New-home prices rose by 1.4 per cent in September, the greatest jump seen by Statistics Canada
By Derrick Penner, Vancouver Sun; with Canwest News ServiceNovember 13, 2009
The rebound in Metro Vancouver’s resale real estate markets allowed new-home builders to take back a little bit more of the discounts they had to give buyers earlier in the year to make sales, recent figures from Statistics Canada show.
New-home prices edged up 1.4 per cent in September from August, according to Statistics Canada’s new housing price index, but are still some 6.4-per-cent lower than prices a year ago.
“What I tell people is that we were probably reducing prices 15 to 20 per cent across the board,” Neil Chrystal, president of Polygon Homes Ltd. and president of the Urban Development Institute Pacific.
“So obviously, at six per cent [down, the discounting] is a lot less.”
The 1.4-per-cent increase from August to September is the biggest mont-to-month jump among the urban markets that Statistics Canada surveys.
In its report, Statistics Canada said new-home prices rose in Vancouver as builders moved into new phases of development.
Chrystal added that heavy sales activity over the summer, propelled by buyers locking into rock-bottom mortgage rates, allowed developers to “charge a little bit more.”
He estimated that for a lot of cases, where builders had to discount prices earlier in the year on homes that were already built, they would have been unable to recoup their construction costs.
Now, however, as builders have been able to work in lower construction costs, Chrystal said many builders have gone from “losing money to probably making a little bit.”
“It’s still very hard to push your prices up too far,” Chrystal added, “[and] I think certainly there are areas that aren’t doing as well as others.”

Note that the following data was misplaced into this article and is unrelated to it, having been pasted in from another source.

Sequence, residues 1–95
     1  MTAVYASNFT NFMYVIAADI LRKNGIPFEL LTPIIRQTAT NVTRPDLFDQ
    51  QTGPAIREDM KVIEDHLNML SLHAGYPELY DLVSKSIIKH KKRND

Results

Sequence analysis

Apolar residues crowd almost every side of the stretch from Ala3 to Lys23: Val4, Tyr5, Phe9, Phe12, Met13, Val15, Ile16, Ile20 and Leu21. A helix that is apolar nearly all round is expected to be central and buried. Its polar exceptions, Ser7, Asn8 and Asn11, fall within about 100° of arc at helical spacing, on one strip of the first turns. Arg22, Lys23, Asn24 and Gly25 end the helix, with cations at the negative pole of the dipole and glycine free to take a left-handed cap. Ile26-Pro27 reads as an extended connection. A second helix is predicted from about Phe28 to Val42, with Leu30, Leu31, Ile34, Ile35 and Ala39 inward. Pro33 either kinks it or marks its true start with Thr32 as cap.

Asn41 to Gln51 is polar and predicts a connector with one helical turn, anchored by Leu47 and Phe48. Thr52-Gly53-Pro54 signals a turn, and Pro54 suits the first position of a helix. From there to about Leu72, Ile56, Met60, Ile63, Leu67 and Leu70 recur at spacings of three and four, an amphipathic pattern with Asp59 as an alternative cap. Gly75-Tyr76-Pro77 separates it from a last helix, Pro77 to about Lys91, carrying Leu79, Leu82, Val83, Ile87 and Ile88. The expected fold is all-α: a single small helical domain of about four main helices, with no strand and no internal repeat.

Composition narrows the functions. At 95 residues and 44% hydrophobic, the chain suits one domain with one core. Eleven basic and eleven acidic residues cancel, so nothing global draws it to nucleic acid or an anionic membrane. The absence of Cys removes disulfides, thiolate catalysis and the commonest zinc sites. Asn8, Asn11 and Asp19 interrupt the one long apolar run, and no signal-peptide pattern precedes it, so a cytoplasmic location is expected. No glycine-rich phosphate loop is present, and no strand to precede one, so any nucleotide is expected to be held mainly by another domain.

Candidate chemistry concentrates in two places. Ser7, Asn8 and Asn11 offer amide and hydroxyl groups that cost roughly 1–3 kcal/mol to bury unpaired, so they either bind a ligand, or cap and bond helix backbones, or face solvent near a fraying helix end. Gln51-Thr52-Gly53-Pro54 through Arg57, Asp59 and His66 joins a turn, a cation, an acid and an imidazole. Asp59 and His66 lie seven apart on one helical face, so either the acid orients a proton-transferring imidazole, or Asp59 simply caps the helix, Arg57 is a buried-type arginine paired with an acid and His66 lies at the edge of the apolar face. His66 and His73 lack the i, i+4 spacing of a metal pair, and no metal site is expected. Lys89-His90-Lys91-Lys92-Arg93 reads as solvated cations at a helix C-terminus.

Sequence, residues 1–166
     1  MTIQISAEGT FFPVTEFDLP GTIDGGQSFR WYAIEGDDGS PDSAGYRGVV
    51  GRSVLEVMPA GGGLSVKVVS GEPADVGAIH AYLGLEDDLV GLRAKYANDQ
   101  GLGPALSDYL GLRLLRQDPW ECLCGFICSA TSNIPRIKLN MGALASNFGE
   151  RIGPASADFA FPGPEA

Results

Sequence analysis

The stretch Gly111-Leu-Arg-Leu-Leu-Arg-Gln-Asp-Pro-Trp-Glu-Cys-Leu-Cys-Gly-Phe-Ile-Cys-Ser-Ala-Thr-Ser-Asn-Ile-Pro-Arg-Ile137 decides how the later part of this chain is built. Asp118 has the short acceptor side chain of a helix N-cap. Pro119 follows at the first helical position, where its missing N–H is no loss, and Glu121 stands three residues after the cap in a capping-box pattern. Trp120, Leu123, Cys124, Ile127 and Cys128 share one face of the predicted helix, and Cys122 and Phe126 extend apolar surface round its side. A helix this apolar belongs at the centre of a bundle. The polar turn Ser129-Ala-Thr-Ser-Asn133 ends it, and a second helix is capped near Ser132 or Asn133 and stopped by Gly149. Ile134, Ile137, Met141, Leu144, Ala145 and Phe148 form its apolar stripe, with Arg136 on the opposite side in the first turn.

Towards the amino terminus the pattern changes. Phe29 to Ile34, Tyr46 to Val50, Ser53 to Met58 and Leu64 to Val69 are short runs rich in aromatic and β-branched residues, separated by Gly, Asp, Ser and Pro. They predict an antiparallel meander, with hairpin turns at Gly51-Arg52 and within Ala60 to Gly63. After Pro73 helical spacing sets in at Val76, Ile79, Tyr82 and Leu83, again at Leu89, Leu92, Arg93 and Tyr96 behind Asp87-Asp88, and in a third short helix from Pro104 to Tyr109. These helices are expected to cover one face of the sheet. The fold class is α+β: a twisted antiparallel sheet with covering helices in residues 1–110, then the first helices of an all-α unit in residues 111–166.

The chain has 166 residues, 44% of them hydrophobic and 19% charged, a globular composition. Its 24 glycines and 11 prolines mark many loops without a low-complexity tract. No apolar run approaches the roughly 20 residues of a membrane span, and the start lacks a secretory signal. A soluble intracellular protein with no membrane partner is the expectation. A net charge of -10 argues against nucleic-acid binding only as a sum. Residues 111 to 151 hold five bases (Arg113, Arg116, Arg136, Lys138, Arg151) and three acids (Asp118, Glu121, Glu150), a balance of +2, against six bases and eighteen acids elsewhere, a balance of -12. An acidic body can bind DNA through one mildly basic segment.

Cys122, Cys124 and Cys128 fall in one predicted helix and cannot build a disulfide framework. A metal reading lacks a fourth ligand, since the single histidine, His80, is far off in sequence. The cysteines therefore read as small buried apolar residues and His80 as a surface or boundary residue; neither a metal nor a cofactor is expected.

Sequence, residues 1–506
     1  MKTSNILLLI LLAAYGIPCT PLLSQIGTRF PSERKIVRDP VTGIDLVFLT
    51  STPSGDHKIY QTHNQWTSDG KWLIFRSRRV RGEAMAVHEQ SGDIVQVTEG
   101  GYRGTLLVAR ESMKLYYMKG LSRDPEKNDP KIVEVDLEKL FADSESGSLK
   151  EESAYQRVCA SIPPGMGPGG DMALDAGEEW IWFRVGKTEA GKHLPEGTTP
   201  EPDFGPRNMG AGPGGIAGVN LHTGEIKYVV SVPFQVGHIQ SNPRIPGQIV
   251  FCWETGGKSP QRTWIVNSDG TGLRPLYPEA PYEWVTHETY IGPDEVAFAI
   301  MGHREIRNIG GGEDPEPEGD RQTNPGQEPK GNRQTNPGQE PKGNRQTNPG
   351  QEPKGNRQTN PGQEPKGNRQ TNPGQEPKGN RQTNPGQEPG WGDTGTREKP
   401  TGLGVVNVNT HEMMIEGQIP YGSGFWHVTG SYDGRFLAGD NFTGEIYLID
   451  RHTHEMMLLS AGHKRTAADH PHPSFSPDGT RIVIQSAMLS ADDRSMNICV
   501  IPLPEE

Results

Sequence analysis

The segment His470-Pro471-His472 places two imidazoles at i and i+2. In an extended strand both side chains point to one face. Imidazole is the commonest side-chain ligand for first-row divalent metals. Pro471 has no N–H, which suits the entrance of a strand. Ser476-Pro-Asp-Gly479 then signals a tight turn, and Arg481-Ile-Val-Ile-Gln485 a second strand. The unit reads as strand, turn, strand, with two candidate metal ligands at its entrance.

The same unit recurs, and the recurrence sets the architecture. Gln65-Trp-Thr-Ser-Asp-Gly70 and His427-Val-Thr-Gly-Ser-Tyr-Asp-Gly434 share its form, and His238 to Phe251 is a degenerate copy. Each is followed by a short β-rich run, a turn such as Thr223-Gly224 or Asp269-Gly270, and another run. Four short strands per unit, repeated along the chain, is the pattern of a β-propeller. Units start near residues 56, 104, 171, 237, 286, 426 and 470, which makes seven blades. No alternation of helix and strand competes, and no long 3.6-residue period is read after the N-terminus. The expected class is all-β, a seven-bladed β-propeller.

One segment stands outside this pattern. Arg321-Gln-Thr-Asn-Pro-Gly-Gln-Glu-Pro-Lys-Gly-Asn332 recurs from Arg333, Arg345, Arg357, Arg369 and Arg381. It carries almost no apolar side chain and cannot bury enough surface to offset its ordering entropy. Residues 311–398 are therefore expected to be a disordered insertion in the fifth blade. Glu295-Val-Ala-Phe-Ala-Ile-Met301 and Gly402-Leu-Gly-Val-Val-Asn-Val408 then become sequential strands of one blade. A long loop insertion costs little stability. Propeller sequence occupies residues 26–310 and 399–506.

Peter Simpson, CEO of the Greater Vancouver Home Builders’ Association, said there is an element of “recouping” the discounts builders had to make earlier in the year to maintain sales, but some of their own costs are also rising again.
Simpson said some prices for materials are on their way up again, development cost charges levied by municipalities are also rising, and land prices — which had dropped considerably during the months of the downturn — are recovering their values as well.
Even tradespeople who are “still working for less than they were at the peak,” are starting to see opportunities to raise their rates, though stiff competition for jobs is helping to keep their rates down.
Across Canada, the new housing price index rose 0.5 per cent during the month — the biggest monthly increase since January 2008 — following a 0.1 per cent gain in August, and more than economists expected.
After Vancouver’s increase, Ottawa-Gatineau showed the next biggest rise at one per cent. Calgary was 0.6 per cent higher, and Toronto, Oshawa, Ont., and Saskatoon were all up 0.5 per cent.
The biggest declines were in Windsor, Ont., down 0.7 per cent, Sudbury, Ont., and Thunder Bay, Ont., both down 0.5 per cent, Victoria, off 0.2 per cent, and Edmonton, where prices were 0.1 per cent lower.
On an annual basis, the housing price index was 2.7 per cent lower in September, down from 3.1 per cent the previous month.